Their campaign is no slam dunk. Legal opinions vary on whether the allegations Eisen and Painter say could be lodged against Trump would even hold up in court, let alone make a dent in public opinion, which so far seems inclined in Trump’s favor. Republicans running Washington reason Trump is immune, for now at least, from any political fallout surrounding his conflicts since he did just win a general election promising to turn his business successes into government successes. Among Trump supporters, Eisen and Painter are just talking head opportunists with minimal sway over what’s happening in the new corridors of Washington power.
“I’m glad they’re enjoying their bit of notoriety,” said Bill Palatucci, a New Jersey lawyer and former Trump transition coordinator who met with Eisen at the Democrat’s request just before the November general election. “But I don’t think they did have a whole lot of influence on me, so I can’t imagine they’re having a whole lot of influence on everybody else.”
Eisen and Painter insist they have already had an effect on the early contours of the incoming administration. That includes the president-elect’s move to rid his transition team of lobbyists, his backtracking from news reports he wanted his adult children to get top security clearances and an initial plan to hire his son-in-law, Jared Kushner, for a plum West Wing adviser’s job. But they are steeling themselves to play a longer game as good-government cops who can distill an administration’s complicated legal and ethical obligations into layman’s terms and who know where the political booby traps are hiding. They’re gearing up to help from the outside with the inevitable wave of congressional oversight should Trump or anyone on his team make a wrong move.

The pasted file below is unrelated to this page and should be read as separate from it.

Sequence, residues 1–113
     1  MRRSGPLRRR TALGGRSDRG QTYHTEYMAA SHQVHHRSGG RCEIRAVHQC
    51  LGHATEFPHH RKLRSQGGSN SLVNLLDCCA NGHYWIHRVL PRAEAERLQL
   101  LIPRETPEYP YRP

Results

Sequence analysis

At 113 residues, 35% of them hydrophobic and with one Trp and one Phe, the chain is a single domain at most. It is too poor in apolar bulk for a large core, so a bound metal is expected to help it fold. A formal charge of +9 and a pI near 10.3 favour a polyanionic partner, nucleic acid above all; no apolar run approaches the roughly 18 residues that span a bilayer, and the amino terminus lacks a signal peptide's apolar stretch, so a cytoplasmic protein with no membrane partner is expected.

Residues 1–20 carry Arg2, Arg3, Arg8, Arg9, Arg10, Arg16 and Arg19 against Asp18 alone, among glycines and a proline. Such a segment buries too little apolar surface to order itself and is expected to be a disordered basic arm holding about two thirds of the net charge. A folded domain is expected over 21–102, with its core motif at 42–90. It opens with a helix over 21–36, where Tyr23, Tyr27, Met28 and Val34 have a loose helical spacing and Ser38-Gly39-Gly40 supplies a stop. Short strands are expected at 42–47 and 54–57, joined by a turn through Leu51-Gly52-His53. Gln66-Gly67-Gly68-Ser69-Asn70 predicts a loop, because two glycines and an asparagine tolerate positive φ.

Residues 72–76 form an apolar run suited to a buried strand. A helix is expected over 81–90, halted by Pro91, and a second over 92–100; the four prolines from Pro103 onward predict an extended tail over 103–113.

“People do care,” Eisen told a New York television station during one of the half-dozen media interviews he did Monday afternoon. “It’s like a powder keg that’s going to explode as soon as we have our first scandal.”
Like many Washington wonks, Eisen and Painter have long had Trump on their radar.
Painter included a section in a securities litigation textbook he co-authored describing the details of a 1980s-era Trump case where the Atlantic City casino owner defeated his bondholders in a lawsuit in which they claimed they were stiffed in bankruptcy proceedings. Eisen recalls seething in his White House office as Trump dominated the cable airwaves talking about a conspiracy theory that the county’s first black president wasn’t even a U.S. citizen.